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Warm childhood memories of Christmas are rekindled by the 19th-century fireplace

Gerard Dalton, from left, fondly remembers his mother with an image carefully hanging their stockings as children on the mantle of the fire – just in time for Santa. His brother George, right, says the 19th-century fireplace has become a welcoming symbol of warmth and giving.
Gerard Dalton, left, fondly remembers his mother with an image carefully hanging their stockings as children on the mantle of the fire – just in time for Santa. His brother George, right, says the 19th-century fireplace has become a welcoming symbol of warmth and giving. - Desiree Anstey

“It will soon be 100 years since our family first sat around this fireplace”

SUMMERSIDE, P.E.I. -  Flames flicker in the pit of a towering early 19th-century slate fireplace that is the centerpiece of a sitting room dressed in holiday ornaments that smell of oranges, cinnamon, and pine.

Although there are no stockings carefully hung from its mantle, for George Dalton and his brother Gerard, it rekindles warm memories of living in the historic LeFurgey home, located at 205 Prince Street in Summerside, and waking up on Christmas morning to open presents as children.

“It’s really a flame of memories for us and we are very grateful as a family to have the continuum of the fireplace, because it will soon be 100 years since our family first sat around it."

- George Dalton

“When my dad moved into the beautiful gothic LeFurgey home in 1925 with his first wife, Mary Caroline Durant, and their five children, the fireplace was there. I believe it’s been around since 1866 and came from Britain,” said George.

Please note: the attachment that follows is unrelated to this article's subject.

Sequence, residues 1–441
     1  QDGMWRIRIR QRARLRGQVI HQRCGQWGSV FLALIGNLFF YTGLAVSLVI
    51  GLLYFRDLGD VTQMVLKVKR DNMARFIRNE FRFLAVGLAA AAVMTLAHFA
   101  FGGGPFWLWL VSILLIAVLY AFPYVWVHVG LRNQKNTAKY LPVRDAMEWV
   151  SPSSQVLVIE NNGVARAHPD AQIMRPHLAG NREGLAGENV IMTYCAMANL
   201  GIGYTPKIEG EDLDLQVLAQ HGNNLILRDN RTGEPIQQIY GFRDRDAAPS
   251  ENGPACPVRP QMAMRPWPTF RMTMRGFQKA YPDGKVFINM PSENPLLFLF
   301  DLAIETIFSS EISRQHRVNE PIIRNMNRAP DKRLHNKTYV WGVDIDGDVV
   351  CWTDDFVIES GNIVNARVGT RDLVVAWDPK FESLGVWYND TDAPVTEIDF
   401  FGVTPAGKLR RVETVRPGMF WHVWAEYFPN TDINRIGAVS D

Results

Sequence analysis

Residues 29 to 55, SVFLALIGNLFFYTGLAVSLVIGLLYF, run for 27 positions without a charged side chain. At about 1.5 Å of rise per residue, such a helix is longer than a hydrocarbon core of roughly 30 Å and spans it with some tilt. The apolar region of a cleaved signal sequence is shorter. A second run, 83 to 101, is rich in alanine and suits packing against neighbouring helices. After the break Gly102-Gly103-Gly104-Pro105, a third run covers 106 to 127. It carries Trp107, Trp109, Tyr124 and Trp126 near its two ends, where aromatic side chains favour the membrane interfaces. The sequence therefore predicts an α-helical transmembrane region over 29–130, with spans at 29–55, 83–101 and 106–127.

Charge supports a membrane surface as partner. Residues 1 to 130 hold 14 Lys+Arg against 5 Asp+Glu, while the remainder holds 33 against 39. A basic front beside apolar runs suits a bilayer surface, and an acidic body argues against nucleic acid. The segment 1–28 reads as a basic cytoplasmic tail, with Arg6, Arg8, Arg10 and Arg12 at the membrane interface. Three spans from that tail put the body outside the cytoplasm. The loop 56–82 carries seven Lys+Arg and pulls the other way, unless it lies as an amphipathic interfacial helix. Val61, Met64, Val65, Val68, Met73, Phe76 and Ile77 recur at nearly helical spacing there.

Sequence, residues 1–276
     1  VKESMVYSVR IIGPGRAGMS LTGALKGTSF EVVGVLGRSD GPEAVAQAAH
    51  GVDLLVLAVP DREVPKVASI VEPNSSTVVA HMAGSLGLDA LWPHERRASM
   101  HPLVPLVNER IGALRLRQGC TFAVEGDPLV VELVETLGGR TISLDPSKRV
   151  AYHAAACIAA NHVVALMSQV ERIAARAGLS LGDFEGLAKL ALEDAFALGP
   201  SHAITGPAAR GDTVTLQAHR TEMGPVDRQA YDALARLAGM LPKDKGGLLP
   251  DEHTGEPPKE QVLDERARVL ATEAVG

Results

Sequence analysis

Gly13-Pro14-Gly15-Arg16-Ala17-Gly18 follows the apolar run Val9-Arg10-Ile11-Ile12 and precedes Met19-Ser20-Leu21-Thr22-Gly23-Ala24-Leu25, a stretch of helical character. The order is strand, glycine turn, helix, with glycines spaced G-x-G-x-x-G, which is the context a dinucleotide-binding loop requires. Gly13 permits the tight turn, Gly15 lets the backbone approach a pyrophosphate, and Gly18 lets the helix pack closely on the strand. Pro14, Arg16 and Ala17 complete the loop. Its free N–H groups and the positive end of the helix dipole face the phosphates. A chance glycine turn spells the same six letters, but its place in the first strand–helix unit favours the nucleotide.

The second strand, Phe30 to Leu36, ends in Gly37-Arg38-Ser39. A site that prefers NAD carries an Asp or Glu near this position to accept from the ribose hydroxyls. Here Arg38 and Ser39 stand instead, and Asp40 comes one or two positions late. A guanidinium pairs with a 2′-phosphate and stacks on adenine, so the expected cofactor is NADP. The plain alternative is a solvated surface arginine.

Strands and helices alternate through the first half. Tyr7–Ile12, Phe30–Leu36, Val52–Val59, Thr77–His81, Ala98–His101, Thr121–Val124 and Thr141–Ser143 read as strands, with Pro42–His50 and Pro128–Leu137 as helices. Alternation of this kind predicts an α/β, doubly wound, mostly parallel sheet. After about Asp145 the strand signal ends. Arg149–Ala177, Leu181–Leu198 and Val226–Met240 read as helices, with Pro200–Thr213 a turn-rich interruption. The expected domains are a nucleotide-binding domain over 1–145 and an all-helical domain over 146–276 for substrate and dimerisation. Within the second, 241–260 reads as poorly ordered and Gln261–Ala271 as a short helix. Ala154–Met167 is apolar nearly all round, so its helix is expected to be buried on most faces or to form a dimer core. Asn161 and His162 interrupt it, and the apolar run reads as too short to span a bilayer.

“Mary became bed-ridden and died four years later. Then my dad remarried our mother, Helen Holland. We became nine siblings and were kept away from the fireplace that was located in the parlour of the home. Only on special occasions, such as Christmas, we ventured into that room,” he said.

“It’s really a flame of memories for us and we are very grateful as a family to have the continuum of the fireplace because it will soon be 100 years since our family first sat around it. We were a large and busy family. My dad was a prominent businessman, so it was a very special occasion for us all to be together.”

But when nothing was stirring, not even the mouse that popped out of their fruitcake one Christmas Eve, the fireplace became the central hub where everyone gathered for its welcoming warmth and symbolism of giving.

“I wanted a dog for so long as a child that I pretended Buttons, the family cat, was one. I would sleep with it in my bed until one day it got fleas and they were all over the bed covers,” said Gerard with a laugh.

“Then one Christmas my dad got me a puppy called Brian. I was sitting on the steps that lead to the basement while holding the little dog and singing Christmas carols. I started to cry because I was so happy, and my sister upstairs could hear this and came to see what the matter was,” he said with tears in his eyes.

Gerard and Dalton both acknowledged that their family helped spread this warmth over the cold shoulder of the season.

“In those days, you didn’t have the food banks, but fortunately some kind-hearted people took on that role. We would always have a meeting at our home with Lorne Driscoll before Christmas and identify families in need,” said George. “We would then delivered Christmas trees, along with hampers to them.”

As George placed another log onto its dying embers he motioned, “This is the ambiance of Christmas at its best.”

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